MANAGING NUTRITION IN PATIENTS WITH AMYOTROPHIC LATERAL SCLEROSIS(ALS): THE TYPE OF GASTROSTOMY TUBE MATTERS
S Voiculescu, MJ Elmo, R Onders
Case Western Reserve University School of Medicine
Amyotrophic lateral sclerosis (ALS) is a progressive neurologic disease with dysphagia as one of the most consequential symptoms, ultimately affecting the majority of patients. Data suggests there is a correlation between a patientís weight and survival however, only 43% of patients who were recommended a percutaneous endoscopic gastrostomy tube (PEG) chose it. One of the top reasons for declining is aesthetics. The 30-day mortality for PEG placement when forced vital capacity (FVC) is below 50% is reported as high as 25%. The low profile gastrostomy tube (button) has been available for over 30 years. Patients preference and feasibility of primary button gastrostomy insertion in ALS patients has not been previously been reported.
Subgroup analysis of a prospective database at a single site of all ALS patients who were being evaluated for gastrostomy tube. Patients were offered a choice between standard PEG and button. The pros/cons of each were reviewed.
Between 2011 and 2019, 209 patients were evaluated. Whilst 30 patients had a PEG prior to their evaluation and 10 had converted to a low-profile button during this period, 118 patients underwent initial gastrostomy placement, 115 underwent low profile button, and only 3 received the standard PEG. Patients that chose the button ranged in age from 28-81 years with an average age of 57. The average FVC was 56% predicted (17%-110%), 32% of patients undergoing PEG had FVC greater than 60%, and 42% of patients had FVC below 50%. After two months, two patients required conversion to standard PEG due to body habitus. Two patients had button dislodgment within the first two months. No early gastrostomy-related mortalities.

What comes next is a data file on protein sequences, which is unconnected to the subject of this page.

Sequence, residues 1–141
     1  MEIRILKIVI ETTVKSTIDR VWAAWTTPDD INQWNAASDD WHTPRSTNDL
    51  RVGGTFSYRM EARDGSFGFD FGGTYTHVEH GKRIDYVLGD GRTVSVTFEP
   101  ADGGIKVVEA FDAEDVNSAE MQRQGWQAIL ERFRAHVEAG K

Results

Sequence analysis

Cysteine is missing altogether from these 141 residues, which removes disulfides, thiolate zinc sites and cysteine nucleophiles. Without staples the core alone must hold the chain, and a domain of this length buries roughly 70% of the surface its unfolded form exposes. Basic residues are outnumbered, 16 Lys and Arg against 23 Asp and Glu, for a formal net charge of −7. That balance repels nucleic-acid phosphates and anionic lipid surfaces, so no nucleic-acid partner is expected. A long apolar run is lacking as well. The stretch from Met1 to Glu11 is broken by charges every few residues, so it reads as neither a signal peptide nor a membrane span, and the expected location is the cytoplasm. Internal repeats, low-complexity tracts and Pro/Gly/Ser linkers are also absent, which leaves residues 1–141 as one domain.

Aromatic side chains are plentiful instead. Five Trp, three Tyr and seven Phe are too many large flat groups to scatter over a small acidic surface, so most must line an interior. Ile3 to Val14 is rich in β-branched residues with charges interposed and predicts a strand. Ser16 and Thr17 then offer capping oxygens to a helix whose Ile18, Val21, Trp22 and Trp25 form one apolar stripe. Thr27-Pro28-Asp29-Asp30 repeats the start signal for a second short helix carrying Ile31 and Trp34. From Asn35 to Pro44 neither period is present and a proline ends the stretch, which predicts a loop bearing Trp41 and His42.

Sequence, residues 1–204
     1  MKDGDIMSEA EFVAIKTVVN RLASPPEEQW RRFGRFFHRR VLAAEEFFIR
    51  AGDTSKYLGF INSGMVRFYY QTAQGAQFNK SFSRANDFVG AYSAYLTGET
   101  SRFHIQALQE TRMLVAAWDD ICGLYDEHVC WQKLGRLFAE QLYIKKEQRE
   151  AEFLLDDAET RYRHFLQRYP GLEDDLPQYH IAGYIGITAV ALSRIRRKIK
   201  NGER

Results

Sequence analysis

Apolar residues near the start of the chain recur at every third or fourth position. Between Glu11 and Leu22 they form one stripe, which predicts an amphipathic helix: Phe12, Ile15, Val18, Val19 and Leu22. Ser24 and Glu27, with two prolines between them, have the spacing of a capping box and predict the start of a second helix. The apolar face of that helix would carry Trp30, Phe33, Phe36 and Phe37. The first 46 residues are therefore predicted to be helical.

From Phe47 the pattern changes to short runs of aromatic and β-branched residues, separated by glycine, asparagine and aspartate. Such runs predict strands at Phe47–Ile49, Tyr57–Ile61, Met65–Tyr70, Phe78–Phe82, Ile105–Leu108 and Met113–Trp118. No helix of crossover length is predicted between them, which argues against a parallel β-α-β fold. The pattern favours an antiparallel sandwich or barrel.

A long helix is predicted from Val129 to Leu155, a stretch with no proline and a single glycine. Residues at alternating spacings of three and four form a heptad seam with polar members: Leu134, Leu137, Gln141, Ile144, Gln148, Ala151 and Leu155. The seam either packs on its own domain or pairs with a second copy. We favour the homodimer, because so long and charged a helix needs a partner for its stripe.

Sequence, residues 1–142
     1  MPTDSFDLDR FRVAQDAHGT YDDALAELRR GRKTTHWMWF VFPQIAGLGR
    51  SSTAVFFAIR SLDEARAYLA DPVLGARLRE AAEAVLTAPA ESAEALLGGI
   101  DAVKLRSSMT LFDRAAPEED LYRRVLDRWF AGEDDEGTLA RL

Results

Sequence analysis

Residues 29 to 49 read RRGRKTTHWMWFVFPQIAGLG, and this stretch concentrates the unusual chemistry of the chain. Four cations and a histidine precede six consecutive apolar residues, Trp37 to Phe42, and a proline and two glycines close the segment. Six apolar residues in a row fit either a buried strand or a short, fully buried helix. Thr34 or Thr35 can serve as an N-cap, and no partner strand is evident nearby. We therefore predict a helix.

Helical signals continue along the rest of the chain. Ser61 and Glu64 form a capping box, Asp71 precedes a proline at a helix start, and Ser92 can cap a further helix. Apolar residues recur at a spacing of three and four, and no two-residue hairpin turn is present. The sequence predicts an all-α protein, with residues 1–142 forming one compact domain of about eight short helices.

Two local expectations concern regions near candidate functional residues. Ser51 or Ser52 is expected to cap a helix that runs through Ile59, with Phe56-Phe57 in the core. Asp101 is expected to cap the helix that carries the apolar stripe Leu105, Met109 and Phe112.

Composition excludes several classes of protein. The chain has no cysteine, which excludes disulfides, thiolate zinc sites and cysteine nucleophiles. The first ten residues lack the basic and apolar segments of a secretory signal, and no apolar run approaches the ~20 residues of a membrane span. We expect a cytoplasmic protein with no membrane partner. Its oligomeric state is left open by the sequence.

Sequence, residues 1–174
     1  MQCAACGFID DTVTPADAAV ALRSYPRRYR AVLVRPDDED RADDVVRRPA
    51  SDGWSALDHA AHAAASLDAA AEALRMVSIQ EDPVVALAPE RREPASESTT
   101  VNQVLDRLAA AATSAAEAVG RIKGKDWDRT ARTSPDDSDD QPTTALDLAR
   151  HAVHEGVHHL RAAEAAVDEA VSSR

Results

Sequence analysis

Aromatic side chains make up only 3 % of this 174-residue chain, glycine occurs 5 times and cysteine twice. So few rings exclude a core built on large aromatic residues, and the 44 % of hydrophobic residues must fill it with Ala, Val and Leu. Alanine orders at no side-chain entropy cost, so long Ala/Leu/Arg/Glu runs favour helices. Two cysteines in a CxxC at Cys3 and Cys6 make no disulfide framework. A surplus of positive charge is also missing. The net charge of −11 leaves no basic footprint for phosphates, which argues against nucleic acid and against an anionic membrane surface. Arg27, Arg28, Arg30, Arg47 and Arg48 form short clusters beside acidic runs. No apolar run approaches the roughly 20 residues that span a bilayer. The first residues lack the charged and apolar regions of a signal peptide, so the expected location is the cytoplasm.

When given a choice, patients overwhelmingly selected the button, preferring its aesthetics. Button placement is safe and has a very low complication rate. The dislodgement rate is 2%, fitting within the standard PEG dislodgment rate of 1-13.4%. Offering direct button placement could affect ALS patientís acceptance of a feeding tube earlier allowing for placement at a safer stage of their disease and a mechanism to provide necessary nutrition before weight loss occurs.
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